A few days after the Fordyce game, Coach Turrentine invited the players to dinner at his home, also located on the road to McNeil. As the riders dismounted in his yard, Turrentine walked onto his porch and shouted a greeting, “My Mule Riders!” This was the first known occasion when the name Mule Riders was used for the football team. Over time, it became more than the team’s name. Among all the nation’s institutions of higher education, the name has been uniquely associated with the school established in 1909. Over the next century, only TDAS and its three successor institutions—Magnolia A&M College, Southern State College, and Southern Arkansas University—embraced Mule Riders as a symbol for athletic teams, mascots, students, and alumni.[7]

The western style bronco-breaking rider on a bucking mule first appeared atop The Bray student newspaper masthead in 1949-1950.[8]

Mascot[edit]

Molly Ann is the official mascot of the SAU Muleriders. Molly Ann is a full-size American mule ridden by a “mule rider”. Molly Ann can be found at football games, “Mulegates”, and other campus events.

Molly Ann replaced longtime mascot Molly B following Molly B's death on March 5, 2013. Molly B was the official mascot for 20 years.[9] [10]

Mulegating[edit]

Mulegating

“Mulegating” is a family-oriented event that gets Mulerider football fans geared up for every home SAU football game. Mulegating got its start in September, 2003, after the opening of the SAU Welcome Center. The SAU version of tailgating, students, family, and friends of SAU gather to visit, eat, and prepare for the upcoming game. The event is hosted by the University’s Office of Alumni Relations, and there is always a variety of grilled food, as well as games for the children.[11]

Alma mater[edit]

We hail thee now, oh SAU,
For thee we'll always stand,
Your eager sons and daughters
Form one united band.

Your glory and your fame will spread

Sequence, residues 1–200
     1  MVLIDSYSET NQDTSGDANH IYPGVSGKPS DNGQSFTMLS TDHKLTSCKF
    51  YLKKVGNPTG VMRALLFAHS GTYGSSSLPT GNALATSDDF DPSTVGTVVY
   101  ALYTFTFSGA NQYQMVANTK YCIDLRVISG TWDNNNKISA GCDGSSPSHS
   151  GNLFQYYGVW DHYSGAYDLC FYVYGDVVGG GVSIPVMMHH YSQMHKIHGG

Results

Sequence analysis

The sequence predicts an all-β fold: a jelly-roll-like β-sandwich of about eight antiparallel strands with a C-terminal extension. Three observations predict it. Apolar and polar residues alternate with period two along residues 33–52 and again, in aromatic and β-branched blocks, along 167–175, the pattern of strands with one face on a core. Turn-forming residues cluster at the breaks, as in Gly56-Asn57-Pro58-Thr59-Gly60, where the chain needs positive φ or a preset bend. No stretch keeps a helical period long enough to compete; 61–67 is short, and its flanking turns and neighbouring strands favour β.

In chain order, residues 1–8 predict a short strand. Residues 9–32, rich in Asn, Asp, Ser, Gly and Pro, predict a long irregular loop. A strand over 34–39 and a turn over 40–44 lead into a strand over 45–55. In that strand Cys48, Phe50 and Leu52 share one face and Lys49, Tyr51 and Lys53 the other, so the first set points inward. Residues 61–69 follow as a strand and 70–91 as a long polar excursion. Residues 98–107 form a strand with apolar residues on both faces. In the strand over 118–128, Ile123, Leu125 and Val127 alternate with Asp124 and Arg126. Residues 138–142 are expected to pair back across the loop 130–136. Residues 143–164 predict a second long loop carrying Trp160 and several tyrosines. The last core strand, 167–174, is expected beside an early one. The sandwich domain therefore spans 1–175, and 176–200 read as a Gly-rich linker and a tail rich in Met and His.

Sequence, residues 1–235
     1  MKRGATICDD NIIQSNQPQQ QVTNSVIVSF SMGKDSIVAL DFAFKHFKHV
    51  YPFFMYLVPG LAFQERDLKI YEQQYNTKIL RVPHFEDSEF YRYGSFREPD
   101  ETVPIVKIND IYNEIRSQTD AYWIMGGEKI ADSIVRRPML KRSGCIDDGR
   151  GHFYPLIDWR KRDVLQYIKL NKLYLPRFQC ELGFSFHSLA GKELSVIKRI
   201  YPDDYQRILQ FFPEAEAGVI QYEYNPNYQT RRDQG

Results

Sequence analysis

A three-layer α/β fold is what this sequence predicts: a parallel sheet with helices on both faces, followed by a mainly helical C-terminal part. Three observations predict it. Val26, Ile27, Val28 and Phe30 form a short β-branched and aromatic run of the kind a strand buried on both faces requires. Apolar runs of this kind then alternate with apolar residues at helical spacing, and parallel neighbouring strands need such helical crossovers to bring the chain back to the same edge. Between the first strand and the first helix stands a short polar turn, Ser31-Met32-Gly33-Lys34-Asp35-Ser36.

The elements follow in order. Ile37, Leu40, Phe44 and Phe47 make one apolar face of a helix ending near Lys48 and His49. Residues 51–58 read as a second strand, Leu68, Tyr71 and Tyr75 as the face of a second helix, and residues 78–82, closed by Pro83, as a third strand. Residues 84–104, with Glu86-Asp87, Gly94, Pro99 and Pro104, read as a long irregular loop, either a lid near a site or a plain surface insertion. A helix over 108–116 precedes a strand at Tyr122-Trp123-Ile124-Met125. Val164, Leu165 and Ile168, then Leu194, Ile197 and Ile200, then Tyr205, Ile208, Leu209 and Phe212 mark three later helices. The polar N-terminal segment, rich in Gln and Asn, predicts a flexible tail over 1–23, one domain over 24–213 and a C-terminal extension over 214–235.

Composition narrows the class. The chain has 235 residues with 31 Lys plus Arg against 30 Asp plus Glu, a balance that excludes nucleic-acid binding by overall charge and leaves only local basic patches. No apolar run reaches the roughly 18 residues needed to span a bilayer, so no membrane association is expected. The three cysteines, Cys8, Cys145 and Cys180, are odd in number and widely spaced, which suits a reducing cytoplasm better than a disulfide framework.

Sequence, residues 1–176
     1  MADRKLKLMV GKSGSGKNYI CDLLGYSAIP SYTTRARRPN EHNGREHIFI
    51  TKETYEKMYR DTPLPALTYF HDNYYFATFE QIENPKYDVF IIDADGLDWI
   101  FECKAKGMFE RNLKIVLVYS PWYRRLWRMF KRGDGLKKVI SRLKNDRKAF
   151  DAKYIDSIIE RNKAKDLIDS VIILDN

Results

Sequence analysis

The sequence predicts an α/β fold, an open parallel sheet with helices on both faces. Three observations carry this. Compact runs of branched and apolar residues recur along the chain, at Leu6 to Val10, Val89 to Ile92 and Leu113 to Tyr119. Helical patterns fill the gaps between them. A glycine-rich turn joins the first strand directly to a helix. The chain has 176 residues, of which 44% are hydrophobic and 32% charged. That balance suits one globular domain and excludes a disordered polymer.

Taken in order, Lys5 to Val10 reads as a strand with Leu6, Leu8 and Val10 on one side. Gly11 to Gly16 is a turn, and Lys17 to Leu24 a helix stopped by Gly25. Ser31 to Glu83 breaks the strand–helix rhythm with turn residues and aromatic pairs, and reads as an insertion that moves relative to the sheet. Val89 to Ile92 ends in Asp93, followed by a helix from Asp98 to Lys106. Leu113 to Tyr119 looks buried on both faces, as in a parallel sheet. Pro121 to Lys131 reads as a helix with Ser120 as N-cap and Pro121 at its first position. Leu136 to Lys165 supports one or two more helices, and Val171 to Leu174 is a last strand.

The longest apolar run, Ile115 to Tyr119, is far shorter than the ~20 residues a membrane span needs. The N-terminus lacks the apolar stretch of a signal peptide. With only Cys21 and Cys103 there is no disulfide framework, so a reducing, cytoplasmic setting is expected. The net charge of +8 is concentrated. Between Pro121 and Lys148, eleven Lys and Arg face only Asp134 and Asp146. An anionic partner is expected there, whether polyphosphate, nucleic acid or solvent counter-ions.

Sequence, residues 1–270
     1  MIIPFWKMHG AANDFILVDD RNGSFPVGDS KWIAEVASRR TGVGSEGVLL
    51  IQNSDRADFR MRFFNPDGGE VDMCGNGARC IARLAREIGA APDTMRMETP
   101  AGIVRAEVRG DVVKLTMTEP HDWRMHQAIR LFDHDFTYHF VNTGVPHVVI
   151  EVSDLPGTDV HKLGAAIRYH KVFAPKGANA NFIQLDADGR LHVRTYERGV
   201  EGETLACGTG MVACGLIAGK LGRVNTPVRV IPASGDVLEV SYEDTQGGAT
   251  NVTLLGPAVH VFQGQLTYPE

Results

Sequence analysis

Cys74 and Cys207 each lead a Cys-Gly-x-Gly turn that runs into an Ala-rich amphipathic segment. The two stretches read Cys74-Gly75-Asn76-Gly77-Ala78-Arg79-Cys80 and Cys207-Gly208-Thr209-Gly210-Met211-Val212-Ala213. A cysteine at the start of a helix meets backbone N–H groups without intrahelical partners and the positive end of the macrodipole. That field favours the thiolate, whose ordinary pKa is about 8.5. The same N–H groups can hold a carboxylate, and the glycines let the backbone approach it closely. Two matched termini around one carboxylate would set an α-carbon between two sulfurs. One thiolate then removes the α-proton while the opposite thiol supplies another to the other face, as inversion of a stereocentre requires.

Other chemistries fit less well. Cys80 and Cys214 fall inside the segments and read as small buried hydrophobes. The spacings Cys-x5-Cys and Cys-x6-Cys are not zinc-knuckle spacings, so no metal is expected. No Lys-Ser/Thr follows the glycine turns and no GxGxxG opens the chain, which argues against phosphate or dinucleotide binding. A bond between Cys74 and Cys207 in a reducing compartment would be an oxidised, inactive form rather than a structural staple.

Through all eternity,
We pledge to thee,
dear SAU,
Our Love and Loyalty.

Fight song[edit]

We are the Blue and Gold,
'Riders, so strong and bold!
We've got the spirit --
Come on, let's hear it!
Shout out for good ol' SAU:
GO! GO! GO!

Go 'Riders, go along,
This is our favorite song!
For it's M-U-L-E-R-I-D-E-R
'Riders, the best of SAU!

Current Coaching Staff[edit]

Name Position Alma mater Year Entering
Bill Keopple Head Coach Central Arkansas 6th
Josh Lawson Defensive Coordinator Alabama 6th
Landon Keopple Offensive Coordinator Tulsa 6th
Trent Figg Recruiting Coordinator/Special Teams Coordinator/Secondary William Jewell College 1st
Paul Streacker Offensive Line Valdosta State 2nd
Cordell Upshaw Defensive Line Southern Arkansas 3rd
Tyler Hasty Graduate Assistant - Wide Receivers Guilford College 2nd
Benson Jordan Graduate Assistant - Running Backs Ouachita Baptist 1st
Zach Lisko Graduate Assistant - Defensive Line Arkansas State 2nd
Chase Rico Student Assistant Southern Arkansas 1st

Head coaches[edit]

SAU has had 19 head coaches since it began play in 1911. Bill Keopple is the current head coach, having served in this role since 2009. Keopple came to SAU following a successful high school stop at Arkansas High School in Texarkana, Arkansas where he led the school to 2 state championships in five seasons. Auburn Smith won more games than any other SAU coach, with 63 wins. G.W. Bacot, Arvil Green, and Jimmy (Red) Parker each won at least 70% of the contests they coached.

Name Games Wins Losses Ties Percent First Year Last Year Years